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Title: PRODUCTION CONSIDERATIONS FOR THE CLASSICAL PET NUCLIDES.

Abstract

Nuclear Medicine is the specialty of medical imaging, which utilizes a variety of radionuclides incorporated into specific compounds for diagnostic imaging and therapeutic applications. During recent years, research efforts associated with this discipline have concentrated on the decay characteristics of particular radionuclides and the design of unique radiolabeled tracers necessary to achieve time-dependent molecular images. The specialty is expanding with specific Positron emission tomography (PET) and SPECT radiopharmaceuticals allowing for an extension from functional process imaging in tissue to pathologic processes and nuclide directed treatments. PET is an example of a technique that has been shown to yield the physiologic information necessary for clinical oncology diagnoses based upon altered tissue metabolism. Most PET drugs are currently produced using a cyclotron at locations that are in close proximity to the hospital or academic center at which the radiopharmaceutical will be administered. In November 1997, a law was enacted called the Food and Drug Administration Modernization Act of 1997 which directed the Food and Drug Administration (FDA) to establish appropriate procedures for the approval of PET drugs in accordance with section 505 of the Federal Food, Drug, and Cosmetic Act and to establish current good manufacturing practice requirements for such drugs. Atmore » this time the FDA is considering adopting special approval procedures and cGMP requirements for PET drugs. The evolution of PET radiopharmaceuticals has introduced a new class of ''drugs'' requiring production facilities and product formulations that must be closely aligned with the scheduled clinical utilization. The production of the radionuclide in the appropriate synthetic form is but one critical component in the manufacture of the finished radiopharmaceutical.« less

Authors:
;
Publication Date:
Research Org.:
Brookhaven National Lab., Upton, NY (US)
Sponsoring Org.:
USDOE Office of Energy Research (ER) (US)
OSTI Identifier:
784251
Report Number(s):
BNL-68381; KP140102
R&D Project: CO11; KP140102; TRN: US0104226
DOE Contract Number:  
AC02-98CH10886
Resource Type:
Book
Resource Relation:
Other Information: PBD: 25 Jun 2001
Country of Publication:
United States
Language:
English
Subject:
62 RADIOLOGY AND NUCLEAR MEDICINE; POSITRON COMPUTED TOMOGRAPHY; RADIOPHARMACEUTICALS; MANUFACTURING; ISOTOPE PRODUCTION; RADIOISOTOPES; US FDA; SAFETY

Citation Formats

FINN,R., and SCHLYER,D. PRODUCTION CONSIDERATIONS FOR THE CLASSICAL PET NUCLIDES.. United States: N. p., 2001. Web.
FINN,R., & SCHLYER,D. PRODUCTION CONSIDERATIONS FOR THE CLASSICAL PET NUCLIDES.. United States.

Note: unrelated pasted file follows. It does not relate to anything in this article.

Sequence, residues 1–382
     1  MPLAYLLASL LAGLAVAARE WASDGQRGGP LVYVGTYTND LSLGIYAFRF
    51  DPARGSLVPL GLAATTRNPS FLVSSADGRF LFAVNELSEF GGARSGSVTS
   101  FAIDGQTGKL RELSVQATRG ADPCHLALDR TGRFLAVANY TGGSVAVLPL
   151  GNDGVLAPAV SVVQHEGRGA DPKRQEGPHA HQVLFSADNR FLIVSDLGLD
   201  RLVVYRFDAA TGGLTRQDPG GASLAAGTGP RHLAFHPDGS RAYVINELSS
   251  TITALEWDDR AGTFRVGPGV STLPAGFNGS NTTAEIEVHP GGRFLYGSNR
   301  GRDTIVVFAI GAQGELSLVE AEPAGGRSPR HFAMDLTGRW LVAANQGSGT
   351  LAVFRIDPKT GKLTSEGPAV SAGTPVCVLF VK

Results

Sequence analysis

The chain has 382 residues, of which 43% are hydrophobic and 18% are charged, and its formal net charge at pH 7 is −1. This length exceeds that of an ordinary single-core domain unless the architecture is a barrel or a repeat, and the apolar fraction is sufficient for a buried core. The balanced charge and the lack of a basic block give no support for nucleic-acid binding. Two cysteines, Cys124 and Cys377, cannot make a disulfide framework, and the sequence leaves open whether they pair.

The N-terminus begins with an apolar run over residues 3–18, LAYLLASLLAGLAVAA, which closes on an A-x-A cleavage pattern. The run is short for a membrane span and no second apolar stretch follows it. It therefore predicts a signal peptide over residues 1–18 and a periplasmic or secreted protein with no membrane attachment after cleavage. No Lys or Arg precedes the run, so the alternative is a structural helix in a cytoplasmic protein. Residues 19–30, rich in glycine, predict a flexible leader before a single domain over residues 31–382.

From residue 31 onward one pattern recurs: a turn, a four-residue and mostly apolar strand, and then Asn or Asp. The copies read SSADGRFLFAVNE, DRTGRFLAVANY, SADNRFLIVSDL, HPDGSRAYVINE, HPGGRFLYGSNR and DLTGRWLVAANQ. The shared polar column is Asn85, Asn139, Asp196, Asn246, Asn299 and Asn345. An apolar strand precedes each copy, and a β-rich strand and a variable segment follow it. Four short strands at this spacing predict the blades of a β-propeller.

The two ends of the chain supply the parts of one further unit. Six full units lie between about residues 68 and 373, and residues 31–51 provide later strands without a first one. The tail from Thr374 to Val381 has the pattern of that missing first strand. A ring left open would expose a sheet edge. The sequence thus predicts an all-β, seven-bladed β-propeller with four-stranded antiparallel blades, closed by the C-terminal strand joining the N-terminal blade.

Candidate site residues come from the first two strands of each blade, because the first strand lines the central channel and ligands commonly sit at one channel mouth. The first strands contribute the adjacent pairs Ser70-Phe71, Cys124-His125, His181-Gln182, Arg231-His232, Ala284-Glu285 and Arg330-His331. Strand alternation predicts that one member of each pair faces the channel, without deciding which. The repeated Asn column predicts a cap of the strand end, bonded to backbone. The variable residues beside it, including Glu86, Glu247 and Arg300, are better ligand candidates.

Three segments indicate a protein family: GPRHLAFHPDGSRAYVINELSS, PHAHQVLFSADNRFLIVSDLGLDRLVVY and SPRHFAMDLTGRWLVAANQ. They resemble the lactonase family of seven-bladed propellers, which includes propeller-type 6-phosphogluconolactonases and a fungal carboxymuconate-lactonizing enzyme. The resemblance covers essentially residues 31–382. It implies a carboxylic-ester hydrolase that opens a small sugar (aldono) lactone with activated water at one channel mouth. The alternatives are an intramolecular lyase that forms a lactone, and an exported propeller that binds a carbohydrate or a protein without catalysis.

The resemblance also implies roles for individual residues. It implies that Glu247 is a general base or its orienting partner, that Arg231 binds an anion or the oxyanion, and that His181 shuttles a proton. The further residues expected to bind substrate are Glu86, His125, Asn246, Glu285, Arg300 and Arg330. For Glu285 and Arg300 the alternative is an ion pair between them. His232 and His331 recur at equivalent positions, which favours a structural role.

FINN,R., and SCHLYER,D. Mon . "PRODUCTION CONSIDERATIONS FOR THE CLASSICAL PET NUCLIDES.". United States. https://www.osti.gov/servlets/purl/784251.
@article{osti_784251,
title = {PRODUCTION CONSIDERATIONS FOR THE CLASSICAL PET NUCLIDES.},
author = {FINN,R. and SCHLYER,D.},
abstractNote = {Nuclear Medicine is the specialty of medical imaging, which utilizes a variety of radionuclides incorporated into specific compounds for diagnostic imaging and therapeutic applications. During recent years, research efforts associated with this discipline have concentrated on the decay characteristics of particular radionuclides and the design of unique radiolabeled tracers necessary to achieve time-dependent molecular images. The specialty is expanding with specific Positron emission tomography (PET) and SPECT radiopharmaceuticals allowing for an extension from functional process imaging in tissue to pathologic processes and nuclide directed treatments. PET is an example of a technique that has been shown to yield the physiologic information necessary for clinical oncology diagnoses based upon altered tissue metabolism. Most PET drugs are currently produced using a cyclotron at locations that are in close proximity to the hospital or academic center at which the radiopharmaceutical will be administered. In November 1997, a law was enacted called the Food and Drug Administration Modernization Act of 1997 which directed the Food and Drug Administration (FDA) to establish appropriate procedures for the approval of PET drugs in accordance with section 505 of the Federal Food, Drug, and Cosmetic Act and to establish current good manufacturing practice requirements for such drugs. At this time the FDA is considering adopting special approval procedures and cGMP requirements for PET drugs. The evolution of PET radiopharmaceuticals has introduced a new class of ''drugs'' requiring production facilities and product formulations that must be closely aligned with the scheduled clinical utilization. The production of the radionuclide in the appropriate synthetic form is but one critical component in the manufacture of the finished radiopharmaceutical.},
doi = {},
journal = {},
number = ,
volume = ,
place = {United States},
year = {2001},
month = {6}
}

Book:
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